I got into a pleasant little discussion with some of my readers earlier Wednesday about whether local media members are too passive toward Ted Leonsis, and whether things like his “Ask the Owner” appearances on WTOP are worthwhile or a self-aggrandizing waste of time. (See the comments here.)
Now, admittedly, most of the questions Leonsis was asked on WTOP this week were not particularly hard-hitting, and there weren’t a whole lot of follow-ups. (Listen here.) And admittedly, I tend to transcribe his often-lengthy answers and then rest my aching fingers and move on, rather than attempting to mount specific rebuttals to any of his points.
So I’ll try to do better. In the meantime, here was the one slightly contentious question asked of Leonsis on WTOP Wednesday morning, with his sort-of lengthy reply. My printing his reply does not imply that I do or do not agree with his reasoning. I’m just letting you know what he said.
(And no, I have no idea why I’m now spending half of every post apologizing for it in advance. Maybe I should just give up the blogging and stick to posting comments and drinking coffee.)
“There’s a new ticketing system this year, which I understood did work better in succeeding games, but the first game at home turned out to be somewhat of a disaster for the digital ticketing….” the WTOP host began.
“That’s not true,” Leonsis said. “It was a very cold night, that opening night. And we had two things that were going on. One was a security system. Across the league, we’re taking security much more diligently, and it starts at entering the building, and so we’re wanding people. That was really the major issue. And it was cold.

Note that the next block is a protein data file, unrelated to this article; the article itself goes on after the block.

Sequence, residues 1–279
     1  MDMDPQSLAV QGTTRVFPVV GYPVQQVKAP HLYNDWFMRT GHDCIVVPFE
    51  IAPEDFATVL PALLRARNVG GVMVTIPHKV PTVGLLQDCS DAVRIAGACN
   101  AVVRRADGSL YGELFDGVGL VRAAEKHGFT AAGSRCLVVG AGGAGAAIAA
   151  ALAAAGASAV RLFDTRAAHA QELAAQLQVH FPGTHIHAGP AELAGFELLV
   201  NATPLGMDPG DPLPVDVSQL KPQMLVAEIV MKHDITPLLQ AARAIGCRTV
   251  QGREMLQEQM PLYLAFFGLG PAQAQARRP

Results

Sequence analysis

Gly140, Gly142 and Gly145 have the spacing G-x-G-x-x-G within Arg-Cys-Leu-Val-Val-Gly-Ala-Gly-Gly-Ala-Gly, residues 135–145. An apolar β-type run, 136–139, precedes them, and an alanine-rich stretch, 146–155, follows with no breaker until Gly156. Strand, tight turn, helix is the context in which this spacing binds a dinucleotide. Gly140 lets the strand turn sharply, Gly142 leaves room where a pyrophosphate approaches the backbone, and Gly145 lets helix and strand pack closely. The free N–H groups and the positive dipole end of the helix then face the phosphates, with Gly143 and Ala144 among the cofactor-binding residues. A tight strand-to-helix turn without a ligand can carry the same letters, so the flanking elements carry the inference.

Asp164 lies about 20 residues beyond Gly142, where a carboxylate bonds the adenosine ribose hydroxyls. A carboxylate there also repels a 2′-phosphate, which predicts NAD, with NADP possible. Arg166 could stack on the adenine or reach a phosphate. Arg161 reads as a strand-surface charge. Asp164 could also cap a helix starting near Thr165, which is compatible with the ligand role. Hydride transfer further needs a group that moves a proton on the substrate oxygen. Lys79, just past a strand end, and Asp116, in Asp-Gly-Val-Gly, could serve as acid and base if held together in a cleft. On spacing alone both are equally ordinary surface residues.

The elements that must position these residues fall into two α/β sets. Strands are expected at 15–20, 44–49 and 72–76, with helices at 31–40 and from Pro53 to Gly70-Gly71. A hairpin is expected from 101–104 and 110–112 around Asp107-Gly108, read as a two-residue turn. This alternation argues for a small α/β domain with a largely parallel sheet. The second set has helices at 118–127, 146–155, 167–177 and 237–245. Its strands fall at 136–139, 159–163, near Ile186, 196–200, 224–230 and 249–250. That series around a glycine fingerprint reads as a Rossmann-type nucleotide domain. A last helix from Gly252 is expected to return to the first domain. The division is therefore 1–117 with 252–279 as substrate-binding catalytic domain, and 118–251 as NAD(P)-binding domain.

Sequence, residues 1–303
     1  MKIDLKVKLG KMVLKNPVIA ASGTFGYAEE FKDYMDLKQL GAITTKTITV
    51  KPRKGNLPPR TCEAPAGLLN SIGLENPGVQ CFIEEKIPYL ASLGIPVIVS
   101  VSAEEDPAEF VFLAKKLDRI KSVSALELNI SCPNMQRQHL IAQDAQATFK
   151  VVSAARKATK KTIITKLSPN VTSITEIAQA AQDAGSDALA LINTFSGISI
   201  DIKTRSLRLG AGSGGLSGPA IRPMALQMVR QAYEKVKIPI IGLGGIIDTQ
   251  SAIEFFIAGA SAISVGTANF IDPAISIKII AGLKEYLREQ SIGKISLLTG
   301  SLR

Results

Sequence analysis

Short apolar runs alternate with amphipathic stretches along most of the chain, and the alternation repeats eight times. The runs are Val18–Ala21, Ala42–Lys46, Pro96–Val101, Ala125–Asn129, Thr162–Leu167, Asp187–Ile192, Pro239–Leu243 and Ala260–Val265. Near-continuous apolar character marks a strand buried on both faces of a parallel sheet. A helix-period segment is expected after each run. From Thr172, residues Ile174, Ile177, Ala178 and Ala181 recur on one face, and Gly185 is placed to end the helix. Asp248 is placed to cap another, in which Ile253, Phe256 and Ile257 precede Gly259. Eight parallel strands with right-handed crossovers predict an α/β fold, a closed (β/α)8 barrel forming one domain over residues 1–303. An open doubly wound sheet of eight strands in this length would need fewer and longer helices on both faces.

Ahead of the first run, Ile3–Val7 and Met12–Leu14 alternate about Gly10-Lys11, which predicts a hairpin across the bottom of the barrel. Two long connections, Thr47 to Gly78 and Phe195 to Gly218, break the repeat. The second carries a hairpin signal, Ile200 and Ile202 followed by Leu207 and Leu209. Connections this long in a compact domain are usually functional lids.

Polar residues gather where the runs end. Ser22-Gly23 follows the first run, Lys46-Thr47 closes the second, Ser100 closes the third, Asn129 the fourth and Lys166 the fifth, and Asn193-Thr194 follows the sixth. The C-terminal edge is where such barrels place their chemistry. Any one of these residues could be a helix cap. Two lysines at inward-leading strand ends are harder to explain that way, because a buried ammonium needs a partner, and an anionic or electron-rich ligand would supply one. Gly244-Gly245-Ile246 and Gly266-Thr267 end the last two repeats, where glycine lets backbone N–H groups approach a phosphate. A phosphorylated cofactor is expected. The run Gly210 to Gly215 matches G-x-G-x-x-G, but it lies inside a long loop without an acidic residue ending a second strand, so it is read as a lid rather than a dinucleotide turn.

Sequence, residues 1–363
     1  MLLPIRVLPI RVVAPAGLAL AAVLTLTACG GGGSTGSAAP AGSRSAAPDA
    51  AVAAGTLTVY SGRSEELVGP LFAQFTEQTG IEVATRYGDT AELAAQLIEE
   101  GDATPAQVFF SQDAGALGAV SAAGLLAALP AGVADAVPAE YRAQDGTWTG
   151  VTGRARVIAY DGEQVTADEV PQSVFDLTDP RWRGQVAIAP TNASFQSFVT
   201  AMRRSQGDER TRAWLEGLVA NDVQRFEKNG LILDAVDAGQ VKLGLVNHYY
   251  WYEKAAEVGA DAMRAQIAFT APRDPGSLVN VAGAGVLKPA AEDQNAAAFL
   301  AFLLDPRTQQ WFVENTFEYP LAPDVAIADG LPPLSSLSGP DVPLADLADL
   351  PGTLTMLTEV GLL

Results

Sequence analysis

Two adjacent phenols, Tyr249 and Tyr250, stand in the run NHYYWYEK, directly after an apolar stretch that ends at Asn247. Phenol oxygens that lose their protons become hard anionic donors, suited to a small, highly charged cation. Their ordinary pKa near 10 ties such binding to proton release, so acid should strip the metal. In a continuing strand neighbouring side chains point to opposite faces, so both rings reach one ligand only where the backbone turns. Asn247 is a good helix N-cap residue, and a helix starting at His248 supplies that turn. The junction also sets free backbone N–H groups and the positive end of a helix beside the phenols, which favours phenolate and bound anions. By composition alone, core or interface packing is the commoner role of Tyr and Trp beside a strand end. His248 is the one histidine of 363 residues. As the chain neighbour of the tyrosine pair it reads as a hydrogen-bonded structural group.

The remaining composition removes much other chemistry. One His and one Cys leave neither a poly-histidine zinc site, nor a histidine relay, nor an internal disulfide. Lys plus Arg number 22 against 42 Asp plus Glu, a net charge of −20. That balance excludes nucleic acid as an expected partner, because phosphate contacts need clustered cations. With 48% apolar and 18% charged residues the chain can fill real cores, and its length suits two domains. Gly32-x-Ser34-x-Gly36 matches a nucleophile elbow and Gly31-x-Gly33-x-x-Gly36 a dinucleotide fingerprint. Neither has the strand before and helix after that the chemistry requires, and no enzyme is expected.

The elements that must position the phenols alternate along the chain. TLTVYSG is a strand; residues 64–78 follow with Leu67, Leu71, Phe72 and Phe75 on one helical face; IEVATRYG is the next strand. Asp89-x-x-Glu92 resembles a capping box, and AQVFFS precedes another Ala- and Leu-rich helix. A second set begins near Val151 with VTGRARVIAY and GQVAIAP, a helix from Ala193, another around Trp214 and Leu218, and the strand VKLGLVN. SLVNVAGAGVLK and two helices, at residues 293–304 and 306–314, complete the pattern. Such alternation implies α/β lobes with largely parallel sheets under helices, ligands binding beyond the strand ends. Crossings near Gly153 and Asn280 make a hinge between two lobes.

“And someone tweeted a photo of the lines – the lines were seven minutes, but it felt like 20. And the majority of the people come in at the same time. But depending on where you came in, the lines were longer. So it was a combination of the cold weather and the security, and a couple of issues where someone didn’t really understand how the new system would work.
“We implemented that system for the Wizards,” he continued. “Our staff knows how to work it. The Wizards fans had a preseason game, they’ve had games to get used to it. The world is going digital. We want to be digital. The card allows for us to do all sorts of good things, like preloading money and gifts. We want to be able to more seamlessly have fans be able to move their tickets to other people using digital. It saves fans money that way. Someone said ‘Oh, you’re so cheap, you didn’t want to print tickets.’ And I said well, we did save some money by not printing tickets, but we spent that same amount of money and a lot more building a digital infrastructure.
“Georgetown does it, the Wizards do it, the Caps do it, the Nats are now doing it,” Leonsis concluded. “We just have to get used to it. But I understand, again, why fans [were upset]. What was right in front of them was, it seems I’m waiting a long time. And I apologize.”